Lynne Marta of ‘Footloose’ and ‘Joe Kidd’ dies at 78 after battle with cancer

Actor Lynne Marta, best known for her roles in films “Footloose” and “Joe Kidd” and as a prolific television actor whose career spanned five decades, has died. She was 78.

Marta died last Thursday in her Los Angeles home after a battle with cancer, according to the Hollywood Reporter, which confirmed the actor’s death with her friend, Chris Saint-Hilaire.

Born in New Jersey, Marta’s first on-screen role came when she was in her early 20s in 1966, playing a minor character in an episode of the coming-of-age sitcom, “Gidget” alongside future Oscar winner Sally Field. After a run of one-offs in other shows, she booked a role on “Love, American Style,” an anthology comedy show in which she appeared in minor parts throughout its first and second seasons.

Throughout the 1970s and 1980s, she appeared in guest spots for iconic shows, such as “Gunsmoke,” “Mod Squad” and “Charlie’s Angels” and four episodes of “Starsky & Hutch.” Marta and David Soul, who played Sgt. Kenneth Richard “Hutch” Hutchinson, began dating while she was on the show. Soul, who died one week before Marta, told People in 1983 that the pair dated throughout the show’s four seasons and had an open relationship. The two also appeared together in 1977 in the TV special “David Soul and Friends.”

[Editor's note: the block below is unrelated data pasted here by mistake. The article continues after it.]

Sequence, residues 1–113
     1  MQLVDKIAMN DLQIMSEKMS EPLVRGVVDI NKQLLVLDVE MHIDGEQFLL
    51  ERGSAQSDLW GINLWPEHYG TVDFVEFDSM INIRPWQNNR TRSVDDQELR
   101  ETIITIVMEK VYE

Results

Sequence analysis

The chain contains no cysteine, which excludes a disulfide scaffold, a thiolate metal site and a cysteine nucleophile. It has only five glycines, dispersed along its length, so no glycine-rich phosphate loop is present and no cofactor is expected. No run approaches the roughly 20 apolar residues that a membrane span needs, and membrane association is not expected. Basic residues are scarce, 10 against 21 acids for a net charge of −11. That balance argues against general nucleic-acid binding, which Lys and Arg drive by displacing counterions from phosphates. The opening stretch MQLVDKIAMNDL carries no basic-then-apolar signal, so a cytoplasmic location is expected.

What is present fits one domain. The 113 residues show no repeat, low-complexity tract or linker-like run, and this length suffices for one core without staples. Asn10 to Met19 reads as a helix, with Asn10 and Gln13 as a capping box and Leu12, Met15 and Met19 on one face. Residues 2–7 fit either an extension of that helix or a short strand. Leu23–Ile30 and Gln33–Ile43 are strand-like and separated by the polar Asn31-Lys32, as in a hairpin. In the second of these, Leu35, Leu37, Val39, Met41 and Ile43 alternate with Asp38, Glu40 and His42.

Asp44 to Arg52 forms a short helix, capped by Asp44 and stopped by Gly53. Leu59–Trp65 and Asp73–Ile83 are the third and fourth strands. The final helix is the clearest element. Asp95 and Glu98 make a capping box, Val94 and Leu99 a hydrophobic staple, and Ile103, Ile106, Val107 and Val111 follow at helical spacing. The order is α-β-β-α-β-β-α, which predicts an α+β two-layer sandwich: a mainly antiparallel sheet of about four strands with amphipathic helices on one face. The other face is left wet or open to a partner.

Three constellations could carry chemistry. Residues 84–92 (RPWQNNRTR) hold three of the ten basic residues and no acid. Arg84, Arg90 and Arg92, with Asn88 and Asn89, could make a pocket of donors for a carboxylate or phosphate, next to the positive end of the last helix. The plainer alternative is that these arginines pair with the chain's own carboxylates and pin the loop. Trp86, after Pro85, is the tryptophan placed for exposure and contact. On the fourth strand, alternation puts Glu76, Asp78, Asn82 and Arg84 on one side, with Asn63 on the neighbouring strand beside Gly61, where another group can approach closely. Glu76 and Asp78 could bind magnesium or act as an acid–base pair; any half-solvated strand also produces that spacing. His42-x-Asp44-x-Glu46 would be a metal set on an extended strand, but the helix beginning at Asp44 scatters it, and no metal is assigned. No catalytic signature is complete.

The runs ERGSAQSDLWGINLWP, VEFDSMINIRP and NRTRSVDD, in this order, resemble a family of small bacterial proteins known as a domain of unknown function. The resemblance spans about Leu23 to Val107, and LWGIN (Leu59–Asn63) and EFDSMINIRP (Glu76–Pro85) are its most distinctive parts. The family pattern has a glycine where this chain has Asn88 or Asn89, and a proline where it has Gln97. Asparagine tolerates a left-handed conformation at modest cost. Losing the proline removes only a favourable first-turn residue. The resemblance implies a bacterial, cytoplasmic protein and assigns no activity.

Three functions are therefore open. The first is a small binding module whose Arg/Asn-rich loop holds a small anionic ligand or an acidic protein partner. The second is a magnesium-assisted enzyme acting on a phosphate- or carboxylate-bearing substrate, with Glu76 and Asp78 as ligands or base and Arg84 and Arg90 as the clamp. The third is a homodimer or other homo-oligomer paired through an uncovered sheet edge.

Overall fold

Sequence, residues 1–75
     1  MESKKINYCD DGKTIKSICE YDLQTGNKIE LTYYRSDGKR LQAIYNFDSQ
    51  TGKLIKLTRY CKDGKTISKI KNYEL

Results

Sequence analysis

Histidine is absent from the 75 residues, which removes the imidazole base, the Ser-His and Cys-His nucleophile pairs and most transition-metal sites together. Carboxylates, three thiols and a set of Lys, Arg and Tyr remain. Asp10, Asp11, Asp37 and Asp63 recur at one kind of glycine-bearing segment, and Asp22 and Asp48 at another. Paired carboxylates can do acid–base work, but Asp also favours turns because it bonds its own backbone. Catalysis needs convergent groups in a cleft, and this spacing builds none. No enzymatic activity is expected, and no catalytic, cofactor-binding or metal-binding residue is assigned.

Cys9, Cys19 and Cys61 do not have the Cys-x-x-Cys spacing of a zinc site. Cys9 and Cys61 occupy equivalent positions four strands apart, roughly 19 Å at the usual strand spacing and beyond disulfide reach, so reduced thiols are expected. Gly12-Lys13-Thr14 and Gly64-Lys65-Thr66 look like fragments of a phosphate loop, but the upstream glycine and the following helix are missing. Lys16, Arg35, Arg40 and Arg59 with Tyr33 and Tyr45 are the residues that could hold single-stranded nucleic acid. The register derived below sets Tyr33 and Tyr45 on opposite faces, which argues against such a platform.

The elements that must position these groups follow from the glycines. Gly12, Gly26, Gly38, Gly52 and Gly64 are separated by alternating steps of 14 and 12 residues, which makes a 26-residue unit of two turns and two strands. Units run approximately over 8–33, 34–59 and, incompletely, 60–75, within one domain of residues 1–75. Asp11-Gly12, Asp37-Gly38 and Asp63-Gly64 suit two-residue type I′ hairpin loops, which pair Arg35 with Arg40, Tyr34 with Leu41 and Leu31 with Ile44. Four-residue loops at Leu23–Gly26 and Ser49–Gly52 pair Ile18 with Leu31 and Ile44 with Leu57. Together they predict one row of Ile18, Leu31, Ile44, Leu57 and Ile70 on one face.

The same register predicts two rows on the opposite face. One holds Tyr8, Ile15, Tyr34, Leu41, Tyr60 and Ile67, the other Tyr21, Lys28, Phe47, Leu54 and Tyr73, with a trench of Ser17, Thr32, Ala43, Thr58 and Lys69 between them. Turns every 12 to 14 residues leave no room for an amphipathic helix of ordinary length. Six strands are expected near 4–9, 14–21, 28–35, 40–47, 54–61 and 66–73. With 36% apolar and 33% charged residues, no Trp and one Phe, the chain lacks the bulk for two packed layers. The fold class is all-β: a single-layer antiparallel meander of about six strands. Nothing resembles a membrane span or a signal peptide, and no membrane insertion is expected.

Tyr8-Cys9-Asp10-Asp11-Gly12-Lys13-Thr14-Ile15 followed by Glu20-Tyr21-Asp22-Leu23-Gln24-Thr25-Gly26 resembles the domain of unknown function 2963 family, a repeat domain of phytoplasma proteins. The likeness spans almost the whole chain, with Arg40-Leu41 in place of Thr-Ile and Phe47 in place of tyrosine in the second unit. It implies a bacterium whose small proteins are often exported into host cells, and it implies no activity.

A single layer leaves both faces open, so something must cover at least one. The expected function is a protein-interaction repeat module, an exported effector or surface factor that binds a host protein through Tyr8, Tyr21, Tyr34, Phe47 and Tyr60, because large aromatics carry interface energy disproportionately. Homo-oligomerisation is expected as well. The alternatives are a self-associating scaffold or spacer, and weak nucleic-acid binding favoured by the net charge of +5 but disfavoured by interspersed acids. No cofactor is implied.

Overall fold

On the big screen, Marta became more widely known for her part in Clint Eastwood’s 1972 western “Joe Kidd.” In the film, Eastwood’s gun-for-hire character falls for Marta’s Elma, the girlfriend of a wealthy, murderous landowner played by Robert Duvall. More than a decade later, Marta appeared in the hit musical drama “Footloose” in 1984; she played Lulu Warnicker, an aunt of Kevin Bacon’s Ren and one of the many conservative townspeople who frown on dancing.

In 1989, Marta also made headlines as a witness in the murder trial of a man accused of shooting and killing fellow Hollywood actor Rebecca Schaeffer, who died at 21. Marta lived down the hall from Schaeffer in the same Fairfax District apartment. During the incident, Marta was home and said she had heard a gunshot and subsequent screaming.

“The door shook, the wall shook,” Mart said in court, according to The Times’ coverage of the trial in 1989. “The cat went up into the air. I fell to my knees and crawled into the bedroom. Then, I heard Rebecca’s first scream.”

She then called 911.

“She was still screaming while I was talking to 911,” Marta continued. “By the time I got to the door, she was wailing. I opened the small hatch in my door. There was a smell I’ll never forget: the smell of gunfire. It was quiet except for light moaning.”

Robert John Bardo, a 19-year-old fan of Schaeffer’s who had been stalking her, was convicted of Schaeffer’s murder. Her death would lead to the passage of tougher anti-stalking laws in California.

After the trial, Marta spent the next two decades playing small roles in popular television shows such as “Law & Order,” “Passions,” “Crossing Jordan,” “ER” and “Days of Our Lives.” Marta played her last role in 2004, appearing as an attendant in the second season of the Emmy-winning NBC drama, “American Dreams.”

The Associated Press contributed to this report.

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